Each year around 10,000 babies are born extremely prematurely – before 32 weeks of pregnancy – in the UK.1-3 Despite huge advances in neonatal care, estimates suggest up to 4,000 will develop a serious bowel disease and/or a blood infection (sepsis) after birth.1-4 Many will lose their lives due to these dangerous complications and those who survive are often left with lifelong disabilities. Dr Darren Smith at the University of Northumbria at Newcastle is leading a team who are studying certain types of viruses within breast milk to understand their role in protecting babies from harm. Their work could lead to new ways to improve care and treatment for these tiny babies, saving and improving lives.
How are children’s lives affected now?
Necrotising enterocolitis (NEC), a serious bowel disease, and sepsis are the biggest threats to the lives of very premature babies after the first week of life.
“Too many lives are being lost because of these serious complications, and babies who do survive, often grow up with life-changing disabilities, including cerebral palsy,” says Dr Smith.
Despite their importance, sepsis and NEC are poorly understood, although they are both thought to be linked to imbalances in the community of microorganisms living inside the baby’s gut. Breast milk is known to reduce the risk of NEC and sepsis in premature babies, with evidence suggesting that this is due to immune-boosting factors rather than its nutrients.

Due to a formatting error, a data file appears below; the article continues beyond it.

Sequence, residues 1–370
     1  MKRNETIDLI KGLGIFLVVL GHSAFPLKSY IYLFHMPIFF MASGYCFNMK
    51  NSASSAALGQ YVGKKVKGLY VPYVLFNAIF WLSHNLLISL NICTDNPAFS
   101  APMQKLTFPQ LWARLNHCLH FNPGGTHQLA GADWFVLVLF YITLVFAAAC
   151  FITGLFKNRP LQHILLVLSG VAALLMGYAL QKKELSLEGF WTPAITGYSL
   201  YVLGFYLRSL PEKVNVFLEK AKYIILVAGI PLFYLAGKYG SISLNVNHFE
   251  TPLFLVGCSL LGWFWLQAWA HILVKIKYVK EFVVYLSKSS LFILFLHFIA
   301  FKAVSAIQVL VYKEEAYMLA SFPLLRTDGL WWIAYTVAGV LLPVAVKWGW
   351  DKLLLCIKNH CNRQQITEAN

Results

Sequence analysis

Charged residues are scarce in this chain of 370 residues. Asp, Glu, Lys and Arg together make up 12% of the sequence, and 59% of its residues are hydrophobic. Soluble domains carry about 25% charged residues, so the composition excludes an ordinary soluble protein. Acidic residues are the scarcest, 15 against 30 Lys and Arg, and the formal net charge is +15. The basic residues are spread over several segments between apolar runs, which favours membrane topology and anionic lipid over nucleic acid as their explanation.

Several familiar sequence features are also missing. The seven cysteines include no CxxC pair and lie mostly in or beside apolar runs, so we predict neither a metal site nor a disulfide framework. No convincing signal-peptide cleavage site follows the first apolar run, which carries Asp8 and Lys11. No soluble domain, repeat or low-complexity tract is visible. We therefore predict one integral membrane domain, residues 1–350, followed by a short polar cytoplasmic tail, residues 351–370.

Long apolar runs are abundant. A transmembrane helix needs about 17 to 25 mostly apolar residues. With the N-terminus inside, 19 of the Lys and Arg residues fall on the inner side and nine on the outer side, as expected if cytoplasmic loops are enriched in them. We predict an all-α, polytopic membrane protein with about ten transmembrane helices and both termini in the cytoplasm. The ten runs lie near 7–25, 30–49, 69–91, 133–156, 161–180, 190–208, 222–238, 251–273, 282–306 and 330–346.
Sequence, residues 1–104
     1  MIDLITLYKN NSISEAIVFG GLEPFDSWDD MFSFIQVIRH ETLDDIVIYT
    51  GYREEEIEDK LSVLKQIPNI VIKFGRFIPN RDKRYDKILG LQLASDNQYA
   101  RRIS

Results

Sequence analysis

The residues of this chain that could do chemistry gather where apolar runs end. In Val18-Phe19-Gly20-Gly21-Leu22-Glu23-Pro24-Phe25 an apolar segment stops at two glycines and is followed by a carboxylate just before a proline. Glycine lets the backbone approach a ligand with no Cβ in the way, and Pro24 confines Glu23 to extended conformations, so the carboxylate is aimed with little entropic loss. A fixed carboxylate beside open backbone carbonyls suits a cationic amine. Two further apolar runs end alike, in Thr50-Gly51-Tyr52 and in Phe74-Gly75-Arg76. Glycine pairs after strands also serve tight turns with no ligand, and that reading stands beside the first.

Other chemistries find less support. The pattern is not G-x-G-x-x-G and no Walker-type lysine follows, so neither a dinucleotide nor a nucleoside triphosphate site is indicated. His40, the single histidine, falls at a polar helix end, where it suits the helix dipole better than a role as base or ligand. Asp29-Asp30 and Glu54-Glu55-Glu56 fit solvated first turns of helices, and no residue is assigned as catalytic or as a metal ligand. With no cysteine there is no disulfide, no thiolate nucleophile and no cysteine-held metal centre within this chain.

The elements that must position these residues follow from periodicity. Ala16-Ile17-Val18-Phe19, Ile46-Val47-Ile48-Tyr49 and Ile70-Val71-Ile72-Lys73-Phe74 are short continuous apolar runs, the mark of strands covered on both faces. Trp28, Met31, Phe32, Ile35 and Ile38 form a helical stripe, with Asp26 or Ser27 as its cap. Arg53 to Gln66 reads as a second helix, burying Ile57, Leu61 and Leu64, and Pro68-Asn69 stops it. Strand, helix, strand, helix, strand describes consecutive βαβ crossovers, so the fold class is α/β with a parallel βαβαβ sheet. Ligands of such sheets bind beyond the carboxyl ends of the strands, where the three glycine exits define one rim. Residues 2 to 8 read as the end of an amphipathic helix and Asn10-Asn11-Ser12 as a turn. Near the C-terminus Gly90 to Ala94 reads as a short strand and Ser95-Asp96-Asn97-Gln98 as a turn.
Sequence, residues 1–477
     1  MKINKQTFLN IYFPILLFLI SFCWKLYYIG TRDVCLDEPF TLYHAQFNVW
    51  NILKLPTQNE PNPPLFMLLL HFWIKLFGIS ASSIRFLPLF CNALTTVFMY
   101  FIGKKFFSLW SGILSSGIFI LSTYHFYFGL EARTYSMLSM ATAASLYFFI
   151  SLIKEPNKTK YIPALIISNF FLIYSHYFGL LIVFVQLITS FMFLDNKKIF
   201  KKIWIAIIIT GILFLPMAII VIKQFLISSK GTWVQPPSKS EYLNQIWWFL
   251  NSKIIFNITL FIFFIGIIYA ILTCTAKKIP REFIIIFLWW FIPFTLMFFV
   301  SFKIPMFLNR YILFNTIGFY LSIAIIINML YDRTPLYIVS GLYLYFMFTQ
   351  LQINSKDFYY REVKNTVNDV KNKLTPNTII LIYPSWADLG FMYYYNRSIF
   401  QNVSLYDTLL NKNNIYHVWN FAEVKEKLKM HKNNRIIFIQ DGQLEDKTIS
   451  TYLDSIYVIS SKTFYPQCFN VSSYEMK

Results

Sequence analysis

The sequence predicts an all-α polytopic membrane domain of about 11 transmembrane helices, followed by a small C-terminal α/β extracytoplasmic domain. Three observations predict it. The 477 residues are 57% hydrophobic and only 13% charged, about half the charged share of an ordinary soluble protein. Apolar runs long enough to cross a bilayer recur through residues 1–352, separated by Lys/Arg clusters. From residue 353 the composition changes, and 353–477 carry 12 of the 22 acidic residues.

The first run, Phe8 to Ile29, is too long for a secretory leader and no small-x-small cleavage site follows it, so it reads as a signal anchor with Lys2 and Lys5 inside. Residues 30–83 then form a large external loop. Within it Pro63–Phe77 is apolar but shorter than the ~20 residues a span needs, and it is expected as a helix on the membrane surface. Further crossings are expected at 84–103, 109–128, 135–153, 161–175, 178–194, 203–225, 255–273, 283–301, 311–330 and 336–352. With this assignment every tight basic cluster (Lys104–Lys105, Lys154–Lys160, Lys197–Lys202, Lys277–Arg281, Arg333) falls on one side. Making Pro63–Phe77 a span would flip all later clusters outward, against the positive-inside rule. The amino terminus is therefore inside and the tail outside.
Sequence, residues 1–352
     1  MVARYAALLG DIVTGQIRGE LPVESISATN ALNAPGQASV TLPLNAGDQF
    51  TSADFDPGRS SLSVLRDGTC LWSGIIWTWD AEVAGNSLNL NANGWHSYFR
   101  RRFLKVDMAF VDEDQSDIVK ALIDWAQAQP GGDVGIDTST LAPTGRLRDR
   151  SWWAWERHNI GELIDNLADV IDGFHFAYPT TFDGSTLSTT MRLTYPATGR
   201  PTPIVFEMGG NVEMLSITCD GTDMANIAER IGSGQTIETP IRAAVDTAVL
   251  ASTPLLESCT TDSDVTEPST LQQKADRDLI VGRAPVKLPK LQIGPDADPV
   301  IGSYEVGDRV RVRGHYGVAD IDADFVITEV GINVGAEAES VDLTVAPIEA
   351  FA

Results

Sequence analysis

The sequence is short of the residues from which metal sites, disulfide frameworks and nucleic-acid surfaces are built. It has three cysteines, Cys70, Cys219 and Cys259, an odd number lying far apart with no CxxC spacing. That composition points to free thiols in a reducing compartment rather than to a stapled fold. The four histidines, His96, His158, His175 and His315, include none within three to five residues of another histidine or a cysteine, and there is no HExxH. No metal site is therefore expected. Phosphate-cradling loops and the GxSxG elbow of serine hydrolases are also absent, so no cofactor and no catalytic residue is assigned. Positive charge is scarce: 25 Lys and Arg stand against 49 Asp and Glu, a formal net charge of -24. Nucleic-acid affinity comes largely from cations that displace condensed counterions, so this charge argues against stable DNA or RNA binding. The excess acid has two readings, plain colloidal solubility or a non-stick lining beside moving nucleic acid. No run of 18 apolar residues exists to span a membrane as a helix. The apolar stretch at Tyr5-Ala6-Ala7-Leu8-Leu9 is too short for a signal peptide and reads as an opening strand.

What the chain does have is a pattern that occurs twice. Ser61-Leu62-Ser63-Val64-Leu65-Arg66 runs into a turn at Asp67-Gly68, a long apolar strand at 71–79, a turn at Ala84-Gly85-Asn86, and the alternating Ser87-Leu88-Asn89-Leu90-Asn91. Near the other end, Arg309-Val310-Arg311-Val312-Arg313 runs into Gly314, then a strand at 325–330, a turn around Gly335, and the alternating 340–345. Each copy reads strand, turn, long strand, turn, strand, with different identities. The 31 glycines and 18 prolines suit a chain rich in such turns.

“Developing a better understanding of what components of breast milk provide these protective effects and how they work could lead to new ways to prevent or treat these complex, life-threatening illnesses in vulnerable babies,” says Dr Smith.
How could this research help?
“Our aim is to investigate if viruses – known as phages – in breast milk play a part in protecting very preterm babies from serious illnesses,” says Dr Smith.
Phages are viruses that infect and kill bacteria – and the team believes that they may help to support babies’ inexperienced immune systems and to shape and maintain a healthy microbial gut community.
“We will first carry out a detailed census of the phages in breast milk samples collected from the mothers of very preterm babies,” says Dr Smith.
The team will then investigate the influence of breast milk phages on bacterial communities in the guts of newborn babies. They will also determine how phages are carried in breast milk, which could have implications for its handling and storage in special care baby units.
“Our work could shed new light on how we might help protect preterm babies from life-threatening illnesses, which we hope will one day lead to improvements in neonatal care and treatment,” says Dr Smith.
1.Office for National Statistics (England and Wales). Birth Characteristics, published 2016, Table 7: https://www.ons.gov.uk/peoplepopulationandcommunity/birthsdeathsandmarri...
2.IDS Scotland. Maternity and Births, published in 2016, Table 5: http://www.isdscotland.org/Health-Topics/Maternity-and-Births/Publicatio...
3.Northern Ireland Statistics and Research Agency, Registrar General Annual Report 2015. https://www.nisra.gov.uk/publications/registrar-general-annual-report-20...
4.Embleton, ND et al., Mechanisms affecting the gut of preterm infants in enteral feeding trials. Frontiers in Nutrition 2017; 4:14. doi: 10.3389/fnut.2017.00014
|Project Leader||Dr Darren L Smith, BSc PhD MRSB|
|Project Team||Dr Janet E Berrington, BM BS MD FRCPCHDr Nick D Embleton, MD FRCPCHDr Simon H Bridge, BSc MSc PhD MRSBDr Andrew Nelson PhD|
|Project Location||Applied Sciences, University of Northumbria at Newcastle|
|Project Location Other||Newcastle Neonatal Service, Newcastle upon Tyne Hospitals NHS Foundation Trust|
|Project duration||2 years|
|Date awarded||30 July 2018|
|Project start date||1 April 2019|
|Project end date||31 March 2021|